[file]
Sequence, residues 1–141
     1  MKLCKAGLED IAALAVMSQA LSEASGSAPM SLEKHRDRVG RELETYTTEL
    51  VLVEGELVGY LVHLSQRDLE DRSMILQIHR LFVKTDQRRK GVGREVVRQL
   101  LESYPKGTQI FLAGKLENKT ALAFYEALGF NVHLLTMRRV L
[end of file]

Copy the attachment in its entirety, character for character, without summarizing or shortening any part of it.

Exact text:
Sequence, residues 1–141
     1  MKLCKAGLED IAALAVMSQA LSEASGSAPM SLEKHRDRVG RELETYTTEL
    51  VLVEGELVGY LVHLSQRDLE DRSMILQIHR LFVKTDQRRK GVGREVVRQL
   101  LESYPKGTQI FLAGKLENKT ALAFYEALGF NVHLLTMRRV L